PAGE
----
Energy Medicine


Energy MedicineDonna Eden, with David Feinstein, New York: Tarcher/Putnam, 1999

Energy Medicine is a quest book, the final outcome of a quest of the authors, a real voyage, and realization of a dream, with all the obstacles that this implies.

From her book and writing style, Donna Eden appears to be a very strong character, and she probably needed to have exactly that quality in her wisdom quest as when she started, more than a decade ago, modern medicine was really hostile toward the idea of integrating any of the many perennial healing concepts that it discarded as vitalistic. The authors introduce their book in very comprehensive terms:

The return of energy medicine is one of the most significant cultural / developments of the day, for the return of energy medicine is a return to personal authority for health care, a return to the legacy of our ancestors in harmonizing with the forces of nature, and a return to practices that are natural, friendly, and familiar to body, mind and soul./2-3

It also seems that Donna Eden’s collaboration with David Feinstein led to a wholesome mix of energies. The authors have done ground-breaking research on the ubiquitous quality of the energy concept and have laid the theoretical groundwork of the Donna Eden Energy Healing Practice. This is truly a good thing to happen, as there are today many healers who learn from hearsay and practice methods they don’t really understand. Not so for Donna Eden. She has complemented her strong intuitive knowledge, or what she directly perceives through her extraordinary energy sensitivity, by a thorough base of theoretical and cross-cultural knowledge, and this makes the strength of both her healing practice and her books. The authors write on the cultural background of energy medicine:

Numerous cultures describe a matrix of subtle energies that support, shape, and animate the physical body, called qi or chi in China, prana in the yoga tradition of India and Tibet, yesod in the Jewish cabalistic tradition, ki in Japan, baraka by the Sufis, wakan by the Lakotas, orenda by the Iroquois, megbe by the Ituri Pygmies, and the Holy Spirit in Christian tradition. It is hardly a new idea to suggest that subtle energies operate in tandem with the denser, ‘congealed’ energies of the material body./16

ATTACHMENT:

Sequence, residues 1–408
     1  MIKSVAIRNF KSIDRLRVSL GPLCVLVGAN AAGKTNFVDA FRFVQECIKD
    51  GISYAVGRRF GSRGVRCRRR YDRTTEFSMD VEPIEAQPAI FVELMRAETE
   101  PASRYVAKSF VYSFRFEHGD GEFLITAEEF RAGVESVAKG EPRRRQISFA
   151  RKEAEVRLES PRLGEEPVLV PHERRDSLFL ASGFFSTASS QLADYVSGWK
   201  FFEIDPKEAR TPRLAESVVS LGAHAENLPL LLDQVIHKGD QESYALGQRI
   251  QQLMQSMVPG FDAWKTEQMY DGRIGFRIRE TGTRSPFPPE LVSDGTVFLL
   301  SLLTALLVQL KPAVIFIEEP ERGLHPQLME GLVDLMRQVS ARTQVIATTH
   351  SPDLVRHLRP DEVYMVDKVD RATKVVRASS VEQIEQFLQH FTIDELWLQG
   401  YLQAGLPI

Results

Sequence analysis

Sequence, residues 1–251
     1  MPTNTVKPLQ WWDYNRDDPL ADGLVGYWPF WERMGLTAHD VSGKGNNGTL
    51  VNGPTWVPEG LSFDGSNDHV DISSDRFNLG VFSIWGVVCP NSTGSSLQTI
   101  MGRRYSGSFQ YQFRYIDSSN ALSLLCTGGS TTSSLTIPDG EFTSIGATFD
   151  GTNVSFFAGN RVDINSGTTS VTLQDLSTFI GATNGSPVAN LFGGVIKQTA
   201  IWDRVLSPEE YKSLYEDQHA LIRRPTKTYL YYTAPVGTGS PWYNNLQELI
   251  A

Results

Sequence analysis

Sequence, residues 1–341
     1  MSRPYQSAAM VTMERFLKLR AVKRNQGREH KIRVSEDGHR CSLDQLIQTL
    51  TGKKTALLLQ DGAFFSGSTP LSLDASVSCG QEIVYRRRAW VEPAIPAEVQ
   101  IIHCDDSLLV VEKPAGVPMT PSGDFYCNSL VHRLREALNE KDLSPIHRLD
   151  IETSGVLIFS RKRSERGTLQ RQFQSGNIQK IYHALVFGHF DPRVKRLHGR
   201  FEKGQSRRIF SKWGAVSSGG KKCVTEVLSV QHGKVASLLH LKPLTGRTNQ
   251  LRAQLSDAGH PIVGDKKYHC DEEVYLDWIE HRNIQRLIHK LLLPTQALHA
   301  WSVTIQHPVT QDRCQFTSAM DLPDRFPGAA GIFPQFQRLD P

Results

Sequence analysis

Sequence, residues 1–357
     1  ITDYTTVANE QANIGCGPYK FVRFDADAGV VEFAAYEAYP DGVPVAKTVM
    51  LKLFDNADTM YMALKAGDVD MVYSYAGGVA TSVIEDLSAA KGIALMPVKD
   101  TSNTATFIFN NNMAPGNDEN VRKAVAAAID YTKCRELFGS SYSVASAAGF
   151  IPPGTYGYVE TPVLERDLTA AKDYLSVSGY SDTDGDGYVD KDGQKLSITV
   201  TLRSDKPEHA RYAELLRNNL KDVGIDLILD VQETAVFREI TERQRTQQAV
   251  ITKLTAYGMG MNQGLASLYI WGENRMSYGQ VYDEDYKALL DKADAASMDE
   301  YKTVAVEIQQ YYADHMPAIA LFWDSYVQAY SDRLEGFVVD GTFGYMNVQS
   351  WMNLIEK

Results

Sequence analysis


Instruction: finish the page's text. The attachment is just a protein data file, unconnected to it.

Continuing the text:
To add to this list that the Japanese call this energy hado, not ki, so far as water is concerned, as Masaru Emoto explains in his books.
—See my reviews of Masaru Emoto’s books The Hidden Messages in Water (2004) and The Secret Life of Water (2005).

Most native peoples call the organic, bioplasmatic energy field mana. It is also of interest that in our natural healing tradition the field was known by a whole line of alternative scientists, a lineage which started probably with Paracelsus, who called it vis vitalis, and we see it reappearing with Swedenborg as spirit energy, with Mesmer as animal magnetism and with Reich as orgone. The base principle of what I would like to call the energy worldview, as opposed to the materialistic worldview, is well put in the following short sentence:

Matter follows energy. That is the fundamental law of energy medicine. When your energies are vibrant, so is your body./17

The Western mind, cunning as it is in splitting unity off in dualistic opposites, has always had much difficulty to understand what in India is called atman. Brahman and atman are related, and express the divine principle, in its universal nature (brahman) and in its personal or personified and incarnated nature (atman). Now, then, I often hear the question after I explain what atman means, if atman and soul were identical?

I always reply that honestly I do not know. When we pick out concepts from different cultural soils, we cannot just put them in the same box and glue one label on the box identifying both.